Next time He drops in, I'm going to ask Him if we have all really been murderers, prostitutes and tramps. Oh, heck, let's throw in an African dictator like Mugabe, though certainly there was only one Hitler. That gives a whole new meaning to humility, doesn't it? And we can throw "judgmental" out the window. Hum. Wonder if the Great One was talking incarnate AND discarnate lives. Shoot, then we'd be talking connections to multi-billions of lives.

It's making my head reel. Think I'll go take an aspirin and pet the cats. Here kitty-kitty----

Of Note: This tumbling structure reminded me of two things: the impermanence of form and the interconnectivity of man as represented by the mortared blocks. If one was to picture a whole room of these blocks, that would better represent the relationships each to each. Thanks you, Marie, for sharing your artful piece!

Today's Weather Report: It's a sunshiny, but chilly day. 28 degrees greeted me this morning. It's most likely in the high thirties, low forties now. I lied the other day; ice still encases most of the lake. I looked out and saw a patch of water, but it was not representative of the whole expanse.

Monday, April 28, 2008

Shadows and Light


Paramahansa Yogananda

Of Note: We have a whole catelogue of photos from Marie's recent trip to Big Bend in Texas that will be flooding these pages in the coming months. Each is more lovely than the next. Thanks for sharing them, Marie! This quote is from, Word For the Day, April 26th. It's easy to sign up to get your own delivered daily.

Today's Weather Report: A friend emailed today and said how weird our weather has been here lately. That's an understatement. The ice went out on the lake yesterday, finally, over two weeks late. It was 28 degrees this morning and cloudy. Even the daffodils, usually in bloom by now, are taking a pass until later.

Sunday, April 27, 2008

CEO God Speaks Out on Evolution

In Tibetan, the word for body is lu,
which means 'something you leave behind,' like baggage.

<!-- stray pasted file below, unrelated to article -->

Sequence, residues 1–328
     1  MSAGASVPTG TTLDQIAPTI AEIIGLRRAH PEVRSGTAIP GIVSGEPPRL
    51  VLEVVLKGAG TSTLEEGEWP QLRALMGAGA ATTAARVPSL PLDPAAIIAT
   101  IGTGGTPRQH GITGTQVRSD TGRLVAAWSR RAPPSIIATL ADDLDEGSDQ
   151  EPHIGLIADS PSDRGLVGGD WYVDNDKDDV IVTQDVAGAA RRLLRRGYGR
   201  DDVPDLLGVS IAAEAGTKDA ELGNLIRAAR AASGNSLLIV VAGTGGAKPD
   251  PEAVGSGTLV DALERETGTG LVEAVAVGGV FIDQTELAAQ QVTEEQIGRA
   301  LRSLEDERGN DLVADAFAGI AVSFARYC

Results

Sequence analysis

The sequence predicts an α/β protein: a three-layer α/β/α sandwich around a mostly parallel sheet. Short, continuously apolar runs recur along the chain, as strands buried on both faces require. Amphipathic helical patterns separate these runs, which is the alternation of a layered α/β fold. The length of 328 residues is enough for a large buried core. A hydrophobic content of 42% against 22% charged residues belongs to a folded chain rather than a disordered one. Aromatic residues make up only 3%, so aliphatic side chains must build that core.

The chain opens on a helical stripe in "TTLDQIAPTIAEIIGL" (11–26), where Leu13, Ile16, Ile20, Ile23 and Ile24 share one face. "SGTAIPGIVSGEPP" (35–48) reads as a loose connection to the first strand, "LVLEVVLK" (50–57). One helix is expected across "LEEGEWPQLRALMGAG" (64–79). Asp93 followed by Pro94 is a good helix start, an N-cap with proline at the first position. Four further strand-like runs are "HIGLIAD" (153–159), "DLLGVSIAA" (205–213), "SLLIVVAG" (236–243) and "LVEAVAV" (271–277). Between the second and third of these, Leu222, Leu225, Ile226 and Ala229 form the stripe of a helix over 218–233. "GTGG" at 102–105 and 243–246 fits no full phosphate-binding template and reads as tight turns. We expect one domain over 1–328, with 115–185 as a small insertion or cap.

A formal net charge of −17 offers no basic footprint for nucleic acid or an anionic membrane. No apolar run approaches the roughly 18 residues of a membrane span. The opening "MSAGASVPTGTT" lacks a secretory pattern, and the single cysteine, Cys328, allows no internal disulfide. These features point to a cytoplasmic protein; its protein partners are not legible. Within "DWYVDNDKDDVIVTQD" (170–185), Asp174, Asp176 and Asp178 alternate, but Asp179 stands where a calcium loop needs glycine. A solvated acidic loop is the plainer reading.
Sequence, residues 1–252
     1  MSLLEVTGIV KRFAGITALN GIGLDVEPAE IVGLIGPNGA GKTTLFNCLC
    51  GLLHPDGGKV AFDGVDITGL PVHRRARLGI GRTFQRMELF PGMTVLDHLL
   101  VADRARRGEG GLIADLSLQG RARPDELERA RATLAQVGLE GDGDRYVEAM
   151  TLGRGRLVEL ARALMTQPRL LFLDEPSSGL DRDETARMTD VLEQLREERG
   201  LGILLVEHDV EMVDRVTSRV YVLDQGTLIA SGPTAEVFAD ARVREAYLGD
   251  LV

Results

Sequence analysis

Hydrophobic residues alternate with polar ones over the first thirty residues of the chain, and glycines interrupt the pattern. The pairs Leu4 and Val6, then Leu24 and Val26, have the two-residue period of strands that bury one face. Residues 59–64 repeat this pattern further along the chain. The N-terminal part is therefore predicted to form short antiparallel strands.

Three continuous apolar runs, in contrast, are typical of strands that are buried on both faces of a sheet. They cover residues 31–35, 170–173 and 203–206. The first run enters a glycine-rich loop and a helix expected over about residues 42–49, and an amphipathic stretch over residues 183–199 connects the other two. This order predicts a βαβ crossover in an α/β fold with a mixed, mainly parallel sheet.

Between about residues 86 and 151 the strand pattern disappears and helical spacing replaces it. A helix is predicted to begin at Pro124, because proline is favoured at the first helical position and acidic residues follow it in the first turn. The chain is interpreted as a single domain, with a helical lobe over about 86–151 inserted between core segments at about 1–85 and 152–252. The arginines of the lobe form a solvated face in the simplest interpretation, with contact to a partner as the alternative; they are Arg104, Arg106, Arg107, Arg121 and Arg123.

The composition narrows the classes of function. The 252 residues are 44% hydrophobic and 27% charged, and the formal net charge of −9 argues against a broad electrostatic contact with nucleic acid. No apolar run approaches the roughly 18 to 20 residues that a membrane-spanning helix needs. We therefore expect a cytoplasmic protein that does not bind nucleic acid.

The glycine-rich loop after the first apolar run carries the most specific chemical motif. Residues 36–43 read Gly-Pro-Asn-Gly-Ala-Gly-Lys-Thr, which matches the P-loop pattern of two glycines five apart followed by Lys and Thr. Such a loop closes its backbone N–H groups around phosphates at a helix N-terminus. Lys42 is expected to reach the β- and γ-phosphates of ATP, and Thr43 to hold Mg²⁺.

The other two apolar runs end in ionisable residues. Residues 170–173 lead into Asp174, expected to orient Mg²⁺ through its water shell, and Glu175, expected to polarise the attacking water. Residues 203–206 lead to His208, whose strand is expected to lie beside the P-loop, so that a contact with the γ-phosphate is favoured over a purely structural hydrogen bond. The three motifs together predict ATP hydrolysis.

Each time we say 'lu,'
it reminds us that we are only travelers,
taking temporary refuge in this life and this body.

Sogyal Rinpoche

CEO God has been very busy tending to his extensive flock for the last couple of months. This morning, He put in a call for a short briefing about evolution. Apparently, it came to His attention that a University of Chicago professor named Neil Shubin recently authored a book Your Inner Fish, and the Almighty's got a few words about that. Though, because CEO God is inscrutable, you never know.

You have to understand, this appearance isn't like Obama's appearance on Chris Wallace's Fox News Sunday show today. CEO God just doesn't show up with his entourage, go to make-up, and then recite well-rehearsed lines. No, He shows up when the vibrations are tuned exactly to the right coordinates and leaves whenever He chooses. One thing Obama and CEO God do have in common is a sense of humor; though, Obama's seems to be waivering a bit now that he's being asked real questions by inquiring minds. It's reassuring that CEO God's humor will never wane because, after all, He invented it.

As I picture it, He must have been having an awfully good time with a real sense of humor when creating all the forms we see before us in every imaginable shape, variety, color and, if we could hear it, even sound. Dr. Shubin sees no Godly hand in evolution, however. He believes that "we owe much of our anatomy to our animal ancestors. Parts that evolved in one setting are now jury-rigged to work in another. When you look at the human body, you see layer after layer of history inside us."

According to this evolutionary biologist, these layers go from the primitive inner fish all the way to the more recent chimpanzee and explain such things as males nipples, wisdom teeth, hernias, flatulence and hiccups. Based on this line of thinking, man is not moving toward perfection, rather "evolution by natural selection is not moving toward anything--it just modifies existing creatures to better compete in ever-shifting environments."

Those who refute intelligent design point to these apparent anomalies as proof that "we look like we've been put together by someone who didn't read the manual, or at least did a somewhat sloppy job of things." Maybe that's what CEO God wants to talk about. Oh! Here He is now.

CEO God: "Good evening, Susan. It was kind of you to give Us a moment of your time today. Let Us dispel any hidden pride you may have, however, in Our appearances to you. Today you were open vibrationally to a short interview. Other days, not so much. In the future, Our contacts will be made in group form and only then will the world change for the better. This current type of contact is not the best, but it must suffice during this interim period. Do you understand?"

Susan: "Guess I can't hide anything from You, can I? And, yes, I understand. Thanks for reminding me in such a kind way."